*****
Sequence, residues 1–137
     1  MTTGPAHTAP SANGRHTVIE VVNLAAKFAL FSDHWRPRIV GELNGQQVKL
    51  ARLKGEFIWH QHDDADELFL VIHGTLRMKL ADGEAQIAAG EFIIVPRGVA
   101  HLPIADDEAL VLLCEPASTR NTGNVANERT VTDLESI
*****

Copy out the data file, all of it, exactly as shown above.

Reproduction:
Sequence, residues 1–137
     1  MTTGPAHTAP SANGRHTVIE VVNLAAKFAL FSDHWRPRIV GELNGQQVKL
    51  ARLKGEFIWH QHDDADELFL VIHGTLRMKL ADGEAQIAAG EFIIVPRGVA
   101  HLPIADDEAL VLLCEPASTR NTGNVANERT VTDLESI